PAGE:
Cell Proliferation and Cancer

The formation of many cells (multicellularity) from a single fertilized egg involves a complex, highly coordinated series of processes that include cell proliferation, cell quiescence, apoptosis, and activation of dormant cells by extracellular factors. After embryogenesis, under normal conditions, most of the cells are in a nondividing, quiescent state called G0. Some continue to divide as needed, and apoptosis ensures that there is not an excessive accumulation of cells in any tissue or organ (Figure 16.1). Dozens of different proteins are required to induce or constrain cell proliferation, maintain or prevent cell division cycles, and initiate or inhibit apoptosis. Cell proliferation is triggered by a cascade of activation and inactivation steps, which, for the most part, are mediated by protein kinases that phosphorylate tyrosine, threonine, or serine residues of cytoplasmic and nuclear proteins. The nuclear proteins usually are transcription factors that collectively regulate the expression of scores of genes. In addition to the proteins required for activation of cell proliferation, cell division cycle, and apoptosis, others that help stave off cancer are used to repair damage to genomic DNA.

Cancer is the all-inclusive term for unrestrained cell growth. Generally, a cancer cell is a somatic cell with accumulated mutations in different genes that collectively cause a loss of control of cell proliferation. As a consequence, a mass of cells (tumor) forms. Some tumors continue to grow at the original site, and others stop and recede. In the worst case, tumor cells can become migratory (metastasize) and move into other sites, where, quite often, cell proliferation occurs unabated. A tumor that invades other tissues is malignant, and one that remains at its original site is benign. The continuous growth of cancer cells leads to severe tissue damage, organ failure, and, eventually, death. To date, more than 200 types of cancer syndromes have been identified affecting almost

Induction of cell proliferation

Induction of cell proliferation

every type of cell, tissue, and organ system. A cancer often is classified according to its initial (primary) site of occurrence. About 85% of all cancers are carcinomas and arise from cells that line organs and form part of the skin; about 2% are sarcomas from cells of connective, bone, or muscle tissue; about 5% are lymphomas from white blood cells of the spleen and lymph nodes; and about 3% are leukemias from white blood cells (leukocytes) of the blood system. Cancers of glandular tissues are called adenocarcinomas; cancers of the nonneuronal cells of the brain are called gliomas and astrocytomas; and cancers of plasma cells are called myelomas.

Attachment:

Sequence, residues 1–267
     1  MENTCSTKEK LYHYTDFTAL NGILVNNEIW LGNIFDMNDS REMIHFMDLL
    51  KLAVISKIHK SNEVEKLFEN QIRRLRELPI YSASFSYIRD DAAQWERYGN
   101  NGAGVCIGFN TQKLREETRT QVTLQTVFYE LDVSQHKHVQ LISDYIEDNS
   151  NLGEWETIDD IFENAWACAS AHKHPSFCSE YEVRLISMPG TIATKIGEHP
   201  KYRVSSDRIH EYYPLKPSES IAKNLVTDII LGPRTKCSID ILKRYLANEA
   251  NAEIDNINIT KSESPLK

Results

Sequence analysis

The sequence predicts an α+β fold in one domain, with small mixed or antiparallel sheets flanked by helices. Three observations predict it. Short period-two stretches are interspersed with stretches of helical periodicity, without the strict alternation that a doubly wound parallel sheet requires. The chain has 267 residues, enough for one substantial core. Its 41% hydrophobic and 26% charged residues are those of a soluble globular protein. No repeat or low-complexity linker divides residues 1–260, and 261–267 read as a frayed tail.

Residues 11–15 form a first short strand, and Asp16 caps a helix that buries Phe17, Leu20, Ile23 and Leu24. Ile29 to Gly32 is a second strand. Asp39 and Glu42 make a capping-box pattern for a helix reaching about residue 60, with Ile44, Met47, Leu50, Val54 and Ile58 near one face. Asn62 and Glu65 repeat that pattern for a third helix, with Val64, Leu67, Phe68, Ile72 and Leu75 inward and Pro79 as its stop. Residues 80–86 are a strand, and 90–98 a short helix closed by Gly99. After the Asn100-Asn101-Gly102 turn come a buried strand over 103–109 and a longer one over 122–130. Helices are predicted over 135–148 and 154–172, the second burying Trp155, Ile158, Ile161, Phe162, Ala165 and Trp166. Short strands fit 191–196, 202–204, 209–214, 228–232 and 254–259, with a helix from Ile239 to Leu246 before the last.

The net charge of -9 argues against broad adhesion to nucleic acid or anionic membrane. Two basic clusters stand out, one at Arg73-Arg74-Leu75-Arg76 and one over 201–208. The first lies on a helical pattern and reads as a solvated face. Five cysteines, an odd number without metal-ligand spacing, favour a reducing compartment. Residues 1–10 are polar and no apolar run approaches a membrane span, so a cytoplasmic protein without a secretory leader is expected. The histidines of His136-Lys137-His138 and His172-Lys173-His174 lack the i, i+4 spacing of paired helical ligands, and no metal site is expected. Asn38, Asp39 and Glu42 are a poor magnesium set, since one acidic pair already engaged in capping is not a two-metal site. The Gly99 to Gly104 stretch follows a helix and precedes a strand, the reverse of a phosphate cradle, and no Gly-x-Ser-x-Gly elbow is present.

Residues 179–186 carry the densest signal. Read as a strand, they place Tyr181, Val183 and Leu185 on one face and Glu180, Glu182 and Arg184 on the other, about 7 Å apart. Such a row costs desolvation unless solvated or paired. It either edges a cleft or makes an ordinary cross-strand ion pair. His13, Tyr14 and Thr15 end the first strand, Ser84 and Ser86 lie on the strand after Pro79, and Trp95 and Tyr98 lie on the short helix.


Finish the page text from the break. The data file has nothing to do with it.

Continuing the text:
Mutations of about 300 genes have been implicated in the formation and development of the vast array of different human cancers. About 20% and 90% of all cancers have germline and somatic mutations, respectively. Most germline cancer mutations have no effect unless a somatic mutation occurs in the other allele. Parenthetically, for cancer clinicians, the term "familial cancer" usually denotes a cancer that affects a number of members of a family and is not necessarily inherited, whereas "hereditary cancer" describes cancers that are inherited, and, in some instances, are familial. About 5% of all cancers are hereditary, with a germline mutation playing a major role (Table 16.1). In most hereditary cancer syndromes and in nearly all sporadic forms, a number of mutations in a somatic cell are required for the initiation and development of a cancer. In this context, cancer resembles an oligogenic trait.

The genetic basis of cancer is confounding, because different combinations of different mutant genes can give rise to the same type of cancer. Some gene mutations are common among different cancers, whereas others are confined to a specific cell type. Many of the mutations that lead to cancer occur spontaneously. Others are caused by chemical agents (carcinogens) in tobacco smoke, foods, and the workplace; by ultraviolet light and ionizing radiation; and by viruses that either commandeer the cell division process of a tissue or insert a viral genome into a locus responsible for cell proliferation.

In the United States, approximately 500,000 people die from cancer-based disorders annually, and more than 1 million new cases are diagnosed each year. Although only a small percentage of all cancers are hereditary, these examples have contributed significantly to current insights into the molecular aspects of these disorders. An understanding of how cancers arise depends on knowledge of the signal transduction pathways that induce cell proliferation, the proteins that control and constrain the cell division cycle, and the ways in which apop-tosis is kept in check.

10 Ways To Fight Off Cancer

10 Ways To Fight Off Cancer

Learning About 10 Ways Fight Off Cancer Can Have Amazing Benefits For Your Life The Best Tips On How To Keep This Killer At Bay Discovering that you or a loved one has cancer can be utterly terrifying. All the same, once you comprehend the causes of cancer and learn how to reverse those causes, you or your loved one may have more than a fighting chance of beating out cancer.

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